The blog entry opens with the following:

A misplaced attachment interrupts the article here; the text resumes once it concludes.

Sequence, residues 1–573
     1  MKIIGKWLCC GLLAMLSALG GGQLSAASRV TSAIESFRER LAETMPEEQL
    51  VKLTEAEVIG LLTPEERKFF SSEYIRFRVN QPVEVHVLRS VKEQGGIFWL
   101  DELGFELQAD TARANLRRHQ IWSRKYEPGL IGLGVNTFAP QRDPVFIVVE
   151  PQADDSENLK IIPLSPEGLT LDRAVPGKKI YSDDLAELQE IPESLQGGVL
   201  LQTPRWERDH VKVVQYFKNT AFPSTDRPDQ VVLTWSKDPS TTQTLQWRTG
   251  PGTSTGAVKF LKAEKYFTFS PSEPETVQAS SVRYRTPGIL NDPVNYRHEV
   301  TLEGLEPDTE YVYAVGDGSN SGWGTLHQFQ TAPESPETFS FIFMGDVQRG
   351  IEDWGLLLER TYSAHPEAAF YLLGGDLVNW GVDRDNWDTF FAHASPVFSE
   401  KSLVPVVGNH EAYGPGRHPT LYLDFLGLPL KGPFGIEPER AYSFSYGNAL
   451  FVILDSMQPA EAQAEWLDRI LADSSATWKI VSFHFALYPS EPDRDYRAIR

It comes as no surprise that people cheat on their taxes. There is a rich literature discussing tax noncompliance, analyzing its causes and discussing ways that the government can deter, detect and if necessary sanction those who would cheat or help others cheat. I too have contributed to the discussion, primarily considering the role that commercial preparers play in decisions to comply with our tax laws in research reports commissioned by the Taxpayer Advocate Service and made part of the National Taxpayer Advocate Reports to Congress in 2007 and 2008.The blog entry then follows with some very interesting insight and research on cheating and how the findings of this research can be deployed by increasing visibility in tax settings. I particularly commend to readers the Halloween research study. Visibility is enhanced through information reporting and the IRS's return preparer initiatives, one facet of which is in play in the recent Loving case now on appeal to the D.C. Circuit.